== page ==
Five hours before he was due to go on stage, Camarón de la Isla - as the flamenco singer José Monge Cruz was known - sat inside a room in Madrid's Hotel Príncipe Pío and announced that he did not want to sing. He had just returned from another performance in Nîmes, in southern France, and he said he was feeling tired, both physically and mentally.
Five minutes before the concert finally began, the venue - the student residence San Juan Evangelista, or "el Johnny" - was about to erupt into rioting due to the delay. But the great voice of flamenco still refused to come out. Some organizers were getting chills down their spines, while others seemed ready to knock their heads against the walls.
Six months after the gig, the singer died of lung cancer, at the age of just 41
Suddenly, the maestro's curly head emerged from the dressing room. Pablo Nacarino, then 29 years old and in charge of the dressing-room area, swiftly approached him, took him by the arm and began pulling gently in the general direction of the stage. "Come on, José, liven up, there are a lot of people waiting for you out there," he told him. But it was useless.
"He didn't want to go out," recalls Nacarino. "He was very weak, destroyed really. In order to reach the stage of Johnny you have to go up a small flight of metal stairs. I went up with him, almost pushing him up. He kept telling me, 'I'm really unwell, I can't perform.' I kept saying, 'Liven up, José,' and guided him up the stairs." When they reached the top step, not without some difficulty, there was only the curtain separating them from the audience.
The audience that packed the concert hall was howling impatiently. Tomatito - the faithful guitarist José Fernández Torres, who had collaborated with De la Isla since 1979 - would be the only musician accompanying him on that famous night. He walked up to the curtain, pulled it aside and personally led Camarón by the arm to his wicker chair.
The moment the maestro appeared on stage, the 525 people in the room fell into a hushed silence. Camarón sat down without a word (he never uttered a syllable either then or throughout the concert) and broke into a soleá called Salud es lo que yo quiero (or, Health is what I want). "It was unbelievable, how deep the song coming out of that man's throat was," says Nacarino. "He was completely dejected, but he was transformed. Tears were running down my face." Many in the audience were crying, too.
Such was the epic beginning of the historic last concert of Camarón de la Isla. Flamenco fans know the date by heart: a freezing cold January 25, 1992. Six months later, on July 2, the singer died of lung cancer at the age of 41. December 7 will see the release of an album that captures that moving performance, simply called El último concierto (or, The Last Concert).
But let us return to that stage. Tomatito, then 32, was at his friend's side from the beginning. "The truth is, we did not know he had cancer. He had been feeling very tired at the hotel. He told me to cancel the concert, that he just couldn't do it. I told him it was an important gig, the Festival por Tarantos, which has deep roots in my home city of Almería. And that the director of the San Juan residence, Alejandro Reyes, who was making a great effort to disseminate flamenco, was also from Almería. Camarón then looked at me and said, 'Well, OK then...'"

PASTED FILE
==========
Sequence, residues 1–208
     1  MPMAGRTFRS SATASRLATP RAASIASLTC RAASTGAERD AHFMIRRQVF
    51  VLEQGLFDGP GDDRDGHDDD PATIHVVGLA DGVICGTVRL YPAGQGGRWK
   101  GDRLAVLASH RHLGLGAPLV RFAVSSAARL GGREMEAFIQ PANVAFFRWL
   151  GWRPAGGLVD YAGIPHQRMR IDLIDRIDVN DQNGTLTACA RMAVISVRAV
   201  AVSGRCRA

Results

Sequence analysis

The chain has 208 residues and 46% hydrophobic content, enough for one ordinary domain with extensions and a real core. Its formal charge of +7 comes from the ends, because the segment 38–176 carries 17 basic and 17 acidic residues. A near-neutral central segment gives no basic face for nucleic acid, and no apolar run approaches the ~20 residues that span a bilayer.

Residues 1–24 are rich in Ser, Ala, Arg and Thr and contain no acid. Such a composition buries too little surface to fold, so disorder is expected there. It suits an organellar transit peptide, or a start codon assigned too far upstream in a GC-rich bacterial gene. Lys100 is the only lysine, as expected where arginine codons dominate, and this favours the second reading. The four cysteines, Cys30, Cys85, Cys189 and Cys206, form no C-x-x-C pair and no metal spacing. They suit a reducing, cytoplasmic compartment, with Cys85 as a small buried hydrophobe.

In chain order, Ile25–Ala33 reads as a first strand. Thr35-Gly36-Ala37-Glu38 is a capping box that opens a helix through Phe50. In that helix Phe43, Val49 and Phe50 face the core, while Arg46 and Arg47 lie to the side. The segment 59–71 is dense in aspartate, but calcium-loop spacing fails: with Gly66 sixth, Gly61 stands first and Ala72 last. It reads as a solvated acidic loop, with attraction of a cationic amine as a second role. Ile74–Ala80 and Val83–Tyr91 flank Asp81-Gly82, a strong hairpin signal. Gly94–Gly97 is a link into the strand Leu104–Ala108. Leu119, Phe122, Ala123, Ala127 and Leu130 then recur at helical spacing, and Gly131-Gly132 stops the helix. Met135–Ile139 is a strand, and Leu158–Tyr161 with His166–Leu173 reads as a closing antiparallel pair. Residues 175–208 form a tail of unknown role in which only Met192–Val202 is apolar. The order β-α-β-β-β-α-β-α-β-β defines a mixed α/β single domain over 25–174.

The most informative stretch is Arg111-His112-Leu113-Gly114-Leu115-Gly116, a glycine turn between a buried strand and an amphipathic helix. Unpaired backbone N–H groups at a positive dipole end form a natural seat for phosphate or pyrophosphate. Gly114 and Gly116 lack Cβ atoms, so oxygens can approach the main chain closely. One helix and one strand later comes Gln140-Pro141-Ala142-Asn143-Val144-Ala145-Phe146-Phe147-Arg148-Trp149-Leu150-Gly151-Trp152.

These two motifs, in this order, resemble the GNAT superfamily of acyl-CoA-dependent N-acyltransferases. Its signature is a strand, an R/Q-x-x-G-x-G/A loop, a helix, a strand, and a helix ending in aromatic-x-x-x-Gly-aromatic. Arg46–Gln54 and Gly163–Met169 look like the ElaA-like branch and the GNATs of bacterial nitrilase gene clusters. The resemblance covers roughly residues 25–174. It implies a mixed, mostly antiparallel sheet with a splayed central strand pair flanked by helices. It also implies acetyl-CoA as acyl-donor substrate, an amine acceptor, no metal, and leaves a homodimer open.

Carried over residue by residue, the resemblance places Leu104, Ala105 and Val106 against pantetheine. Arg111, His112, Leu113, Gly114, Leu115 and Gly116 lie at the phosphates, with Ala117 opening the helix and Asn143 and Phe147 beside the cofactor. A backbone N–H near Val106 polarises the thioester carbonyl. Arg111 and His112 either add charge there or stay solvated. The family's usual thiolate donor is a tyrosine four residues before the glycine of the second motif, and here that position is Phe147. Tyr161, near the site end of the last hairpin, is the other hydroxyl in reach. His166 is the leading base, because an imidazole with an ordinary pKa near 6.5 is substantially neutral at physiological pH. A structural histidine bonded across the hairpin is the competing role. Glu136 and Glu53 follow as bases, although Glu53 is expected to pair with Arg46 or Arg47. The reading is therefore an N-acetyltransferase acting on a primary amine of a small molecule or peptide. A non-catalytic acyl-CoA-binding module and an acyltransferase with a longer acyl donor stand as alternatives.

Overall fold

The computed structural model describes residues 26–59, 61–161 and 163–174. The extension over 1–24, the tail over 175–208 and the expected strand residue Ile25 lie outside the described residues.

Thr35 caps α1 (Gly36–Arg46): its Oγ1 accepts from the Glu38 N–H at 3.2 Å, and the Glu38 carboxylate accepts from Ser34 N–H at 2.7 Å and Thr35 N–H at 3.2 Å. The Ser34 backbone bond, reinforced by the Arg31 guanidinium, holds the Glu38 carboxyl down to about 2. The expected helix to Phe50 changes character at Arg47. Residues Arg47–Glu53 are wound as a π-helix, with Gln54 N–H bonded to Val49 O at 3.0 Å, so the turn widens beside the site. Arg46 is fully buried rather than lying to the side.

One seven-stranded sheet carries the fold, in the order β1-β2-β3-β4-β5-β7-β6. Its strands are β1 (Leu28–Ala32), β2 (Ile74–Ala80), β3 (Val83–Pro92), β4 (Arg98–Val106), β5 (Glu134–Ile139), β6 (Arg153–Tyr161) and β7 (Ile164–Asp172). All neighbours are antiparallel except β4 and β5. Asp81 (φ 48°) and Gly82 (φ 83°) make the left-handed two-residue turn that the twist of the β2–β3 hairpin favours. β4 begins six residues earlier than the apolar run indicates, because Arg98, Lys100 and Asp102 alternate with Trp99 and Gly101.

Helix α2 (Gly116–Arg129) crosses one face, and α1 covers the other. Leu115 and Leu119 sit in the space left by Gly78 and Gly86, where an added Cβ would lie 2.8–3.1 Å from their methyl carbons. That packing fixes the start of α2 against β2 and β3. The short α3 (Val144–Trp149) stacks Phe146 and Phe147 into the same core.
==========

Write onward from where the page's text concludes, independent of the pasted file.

Camarón's performance was indeed part of the third edition of the Flamenco por Tarantos festival. Getting Camarón to perform had cost organizers 3.5 million pesetas (21,000 euros). Tickets cost 4,000 pesetas, around 24 euros. To this day it remains the most expensive entrance fee for a concert at San Juan Evangelista, which is well known for its jazz concerts. Some people paid scalpers up to 25,000 pesetas (150 euros) "or a very large lump of hash," notes San Juan director Alejandro Reyes, who held the same post in 1992. "He sang for about 55 minutes and it was one of the best recitals of his latter period. Then he spent half an hour seeing people in the dressing room, put on a long coat of his and left. He was really kind and affectionate," Reyes recalls.
Camarón arrived at the venue with his doctor, who assisted him personally during this last stage of his life. Just before going out on the stage, the doctor and the singer had a meeting inside the dressing room. "Nobody goes in!" somebody said, and a bodyguard was found to stand in front of the door. After a while, both men came out.
Critics gave the concert rave reviews. "How he sang! As soon as he sat down on the stage his fatigue evaporated. He gave it everything he had, taking risks with each note, and he emerged triumphant," wrote the critic José Manuel Gamboa. The audience was in rapture and kept interrupting each song with resounding "olés" until a Gypsy patriarch chastised them, yelling out: "People! You don't talk during mass!"
Tomatito has been listening to that monumental recording in recent days. But his guitar cannot be heard, or at least that is what he thinks. "Next to Camarón, I can't even hear myself play. I say that completely seriously. When he was there, all the rest of us were unnecessary." Olé.